How to invest in the FTSE 250

Laith Khalaf
8 April 2021

•    The FTSE 250 has hit a record high
•    Midcaps are not just a flash in the pan, the FTSE 250 has turned £10,000 into £62,859 over 20 years, comfortably beating the FTSE 100 and the S&P 500
•    The FTSE Small Cap Index is also at a record high
•    The FTSE 250 isn’t a pure barometer of the UK economy
•    Mid cap and small cap funds for investors

Laith Khalaf, financial analyst at AJ Bell, comments:

“The fact an index hits a record high is not itself a buying signal, but the attraction of investing in medium-sized companies are plain to see in the long-term performance figures. Over twenty years, the FTSE 250 has wiped the floor with the big blue chips of the FTSE 100, and indeed those of the much-vaunted S&P 500, which has found itself in so much favour with investors of late.  Indeed, the FTSE 250 has been the best performing segment of the main UK market since the turn of the century.

“Most active fund managers investing in the UK will be overweight mid cap stocks and underweight the FTSE 100. That’s compared to the benchmark FTSE All Share index, of which around 80% is made up of the big FTSE 100 blue chips. Indeed the strong performance of the FTSE 250 should also be a tailwind for active managers as a whole, as a result of their additional exposure to this area. Fund managers can often find better opportunities in medium-sized companies, as these are less well researched by global analysts. They are small enough that they still have room to grow, but large enough that they are established businesses with existing customer bases.

“The FTSE 250 is more domestically focused than the FTSE 100, but that isn’t hard given the highly international leanings of many of the biggest companies in the blue-chip index. However the mid cap index still has its fair share of companies which derive a healthy slug of their earnings overseas, so it’s not the pure barometer of the health of the UK economy that it’s sometimes presumed to be. Indeed companies like the cruise line operator Carnival, travel operator Tui, and the software company Microfocus International, are all sufficiently global that they report their earnings in dollars and euros, not pounds.

“The FTSE 250 is also home to a large number of investment trusts which themselves invest outside the UK. Fidelity China Special Situations, Schroder Asia Pacific trust, and JP Morgan Japanese Investment trust are just some of the names that can be found in the index. So by investing in the FTSE 250 index, investors shouldn’t get the impression they are investing exclusively in the UK.

“While the FTSE 250 has just hit a record high, the FTSE Small Cap sector has actually been marking new record highs since last December. Again it’s an index that can be easily overlooked given the attention lavished on the FTSE 100, but it too has been a source of exceptional returns, particularly for active managers operating in this area. Mid and small cap stocks can exhibit higher levels of volatility, reflecting lower levels of liquidity and the potential for business performance to surprise the market, both on the upside and the downside. But long-term investors should definitely be taking notice of the strong performance of mid-caps, and small caps too, and considering how to gain exposure in their portfolios.”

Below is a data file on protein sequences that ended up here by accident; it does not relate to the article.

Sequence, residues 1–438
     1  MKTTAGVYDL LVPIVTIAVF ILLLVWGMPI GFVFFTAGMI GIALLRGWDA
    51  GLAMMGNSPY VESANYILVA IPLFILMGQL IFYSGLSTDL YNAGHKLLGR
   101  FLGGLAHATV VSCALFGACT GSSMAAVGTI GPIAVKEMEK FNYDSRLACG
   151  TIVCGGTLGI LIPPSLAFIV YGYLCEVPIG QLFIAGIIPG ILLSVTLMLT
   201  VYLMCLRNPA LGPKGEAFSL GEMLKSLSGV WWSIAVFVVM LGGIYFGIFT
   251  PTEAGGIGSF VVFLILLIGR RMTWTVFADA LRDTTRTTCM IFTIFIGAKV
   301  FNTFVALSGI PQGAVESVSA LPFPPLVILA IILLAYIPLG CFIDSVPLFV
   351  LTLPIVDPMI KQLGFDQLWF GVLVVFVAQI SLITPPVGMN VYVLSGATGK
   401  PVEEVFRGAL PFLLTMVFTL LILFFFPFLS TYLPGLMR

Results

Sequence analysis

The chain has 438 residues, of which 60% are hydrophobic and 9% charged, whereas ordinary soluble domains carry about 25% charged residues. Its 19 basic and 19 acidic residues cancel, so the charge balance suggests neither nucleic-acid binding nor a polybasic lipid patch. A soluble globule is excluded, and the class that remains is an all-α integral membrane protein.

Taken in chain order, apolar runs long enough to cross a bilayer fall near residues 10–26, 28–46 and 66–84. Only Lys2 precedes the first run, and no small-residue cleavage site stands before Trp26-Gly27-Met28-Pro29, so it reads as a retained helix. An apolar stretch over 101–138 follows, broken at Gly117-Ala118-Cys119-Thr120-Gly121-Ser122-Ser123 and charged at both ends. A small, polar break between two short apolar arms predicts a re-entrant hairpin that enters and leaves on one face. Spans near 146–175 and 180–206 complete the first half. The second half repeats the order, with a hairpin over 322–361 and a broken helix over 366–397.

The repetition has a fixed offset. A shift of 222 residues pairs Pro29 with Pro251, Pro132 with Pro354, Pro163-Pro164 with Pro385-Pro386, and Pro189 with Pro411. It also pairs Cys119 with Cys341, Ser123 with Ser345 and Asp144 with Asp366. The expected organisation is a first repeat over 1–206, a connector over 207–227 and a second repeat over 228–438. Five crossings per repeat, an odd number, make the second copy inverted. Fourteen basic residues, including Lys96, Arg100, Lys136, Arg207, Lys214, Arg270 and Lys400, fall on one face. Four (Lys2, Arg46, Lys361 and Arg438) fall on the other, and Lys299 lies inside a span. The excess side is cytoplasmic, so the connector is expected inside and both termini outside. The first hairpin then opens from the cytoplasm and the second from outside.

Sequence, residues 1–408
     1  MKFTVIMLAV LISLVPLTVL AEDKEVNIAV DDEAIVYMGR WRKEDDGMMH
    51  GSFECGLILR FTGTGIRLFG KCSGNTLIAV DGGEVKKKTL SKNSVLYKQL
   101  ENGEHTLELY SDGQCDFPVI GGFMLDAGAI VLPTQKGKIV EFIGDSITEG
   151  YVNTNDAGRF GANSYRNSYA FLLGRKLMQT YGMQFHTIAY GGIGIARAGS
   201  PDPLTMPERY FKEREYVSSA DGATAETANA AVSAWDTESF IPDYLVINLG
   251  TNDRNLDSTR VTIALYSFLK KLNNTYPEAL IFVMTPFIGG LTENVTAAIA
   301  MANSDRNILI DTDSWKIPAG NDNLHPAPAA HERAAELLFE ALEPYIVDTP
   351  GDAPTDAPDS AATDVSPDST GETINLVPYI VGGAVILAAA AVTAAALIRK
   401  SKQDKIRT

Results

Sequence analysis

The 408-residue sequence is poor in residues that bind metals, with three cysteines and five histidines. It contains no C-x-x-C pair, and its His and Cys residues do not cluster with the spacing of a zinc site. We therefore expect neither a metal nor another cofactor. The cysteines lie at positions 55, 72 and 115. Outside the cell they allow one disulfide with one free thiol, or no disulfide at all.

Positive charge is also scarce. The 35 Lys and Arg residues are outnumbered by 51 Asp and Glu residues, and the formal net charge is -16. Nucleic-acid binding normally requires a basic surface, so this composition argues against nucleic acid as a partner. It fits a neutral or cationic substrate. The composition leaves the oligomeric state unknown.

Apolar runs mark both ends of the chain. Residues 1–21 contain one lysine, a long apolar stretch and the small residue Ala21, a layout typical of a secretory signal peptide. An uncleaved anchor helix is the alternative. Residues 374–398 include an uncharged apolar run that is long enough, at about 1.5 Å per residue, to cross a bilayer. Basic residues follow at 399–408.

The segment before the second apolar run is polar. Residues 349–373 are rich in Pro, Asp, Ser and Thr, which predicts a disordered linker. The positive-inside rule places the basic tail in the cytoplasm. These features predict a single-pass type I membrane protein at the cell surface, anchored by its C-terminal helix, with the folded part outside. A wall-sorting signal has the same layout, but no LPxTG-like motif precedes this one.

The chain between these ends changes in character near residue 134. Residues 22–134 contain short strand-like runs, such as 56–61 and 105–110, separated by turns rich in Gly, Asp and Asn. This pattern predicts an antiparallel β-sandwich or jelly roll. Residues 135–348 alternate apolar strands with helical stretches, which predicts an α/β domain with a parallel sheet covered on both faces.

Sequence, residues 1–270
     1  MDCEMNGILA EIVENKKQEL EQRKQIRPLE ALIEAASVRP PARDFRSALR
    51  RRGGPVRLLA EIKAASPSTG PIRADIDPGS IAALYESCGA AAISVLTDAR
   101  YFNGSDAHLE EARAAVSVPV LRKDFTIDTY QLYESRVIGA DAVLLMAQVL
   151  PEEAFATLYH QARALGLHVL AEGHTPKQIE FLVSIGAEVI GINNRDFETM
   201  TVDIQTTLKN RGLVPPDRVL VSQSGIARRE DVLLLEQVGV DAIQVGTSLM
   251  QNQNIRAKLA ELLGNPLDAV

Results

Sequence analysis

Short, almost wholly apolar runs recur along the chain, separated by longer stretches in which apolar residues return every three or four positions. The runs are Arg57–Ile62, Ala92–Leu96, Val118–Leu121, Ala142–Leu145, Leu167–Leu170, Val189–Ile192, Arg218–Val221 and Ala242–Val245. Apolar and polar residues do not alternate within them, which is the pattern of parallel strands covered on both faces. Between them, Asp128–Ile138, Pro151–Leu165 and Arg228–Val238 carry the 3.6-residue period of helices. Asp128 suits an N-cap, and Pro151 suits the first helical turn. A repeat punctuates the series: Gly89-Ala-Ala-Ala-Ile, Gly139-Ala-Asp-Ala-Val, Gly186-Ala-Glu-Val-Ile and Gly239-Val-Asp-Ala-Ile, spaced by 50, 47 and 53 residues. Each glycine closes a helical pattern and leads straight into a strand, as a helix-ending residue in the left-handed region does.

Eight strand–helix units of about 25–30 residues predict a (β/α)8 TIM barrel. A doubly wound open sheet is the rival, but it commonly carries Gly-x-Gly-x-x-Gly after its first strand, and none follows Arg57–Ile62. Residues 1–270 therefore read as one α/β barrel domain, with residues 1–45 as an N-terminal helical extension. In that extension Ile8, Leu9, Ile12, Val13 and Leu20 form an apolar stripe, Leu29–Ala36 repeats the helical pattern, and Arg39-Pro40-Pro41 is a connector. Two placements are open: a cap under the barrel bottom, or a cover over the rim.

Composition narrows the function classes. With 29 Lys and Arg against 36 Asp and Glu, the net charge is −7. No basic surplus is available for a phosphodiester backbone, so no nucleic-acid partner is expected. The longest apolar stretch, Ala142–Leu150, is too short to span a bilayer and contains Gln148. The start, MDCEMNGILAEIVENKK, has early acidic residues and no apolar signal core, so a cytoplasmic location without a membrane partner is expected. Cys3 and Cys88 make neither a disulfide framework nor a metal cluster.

UK index performance compared


Total return %


2021 YTD

10 years

20 years

FTSE 100




FTSE 250




FTSE All Share




FTSE Small Cap




S&P 500




Source: FE Total Return to 06/04/2020 in GBP


£10,000 invested


2021 YTD

10 years

20 years

FTSE 100




FTSE 250




FTSE All Share




FTSE Small Cap




S&P 500




Source: FE Total Return to 06/04/2020 in GBP

Mid cap and small cap funds for investors

There aren’t too many funds which offer exposure dedicated to medium sized companies, and there is no mid cap sector, with funds plying their trade in this area falling into the broader Investment Association UK All Companies sector. Two funds which do give focused exposure are:

Franklin UK Mid Cap
Fund manager Richard Bullas runs a concentrated portfolio of 30 to 40 medium-sized companies he’s identified as having quality finances, but which are trading at attractive valuations, with a particular emphasis on cash flows.

Vanguard FTSE 250 ETF 
A fund which does just what it says on the tin. With an annual charge of just 0.1%, this ETF offers investors a cheap and cheerful way to gain exposure to the UK’s medium-sized companies.

Smaller companies funds are more plentiful, meriting their own sector with both the IA (funds) and the AIC (investment trusts). Two funds for consideration are:

TB Amati UK Smaller Companies 
Dr Paul Jourdan has been running this fund for over twenty years and the whole team is steeped in experience when it comes to small cap investing. They look for high quality companies with competitive advantages. They have an emphasis on the AIM market, but they can invest in stocks all the way up to the FTSE 250.

Standard Life UK Smaller Companies trust
Fund manager Harry Nimmo has been running this trust since 1993. He wants to invest in tomorrow’s largest companies today, and so runs a concentrated portfolio of smaller companies with good growth prospects and robust finances, so they can weather the occasional storm.

Laith Khalaf
Financial Analyst

Laith Khalaf started his career in 2001, after studying philosophy at Cambridge University. He’s worked in a variety of roles across pensions and investments, covering both the DIY and the advised sides of the business. In 2007, he began to focus on research and analysis, and has since become a leading industry commentator, as well as a regular contributor to the financial pages of the national press. He’s a frequent guest on TV and radio, and for several years provided daily business bulletins on LBC.

Contact details

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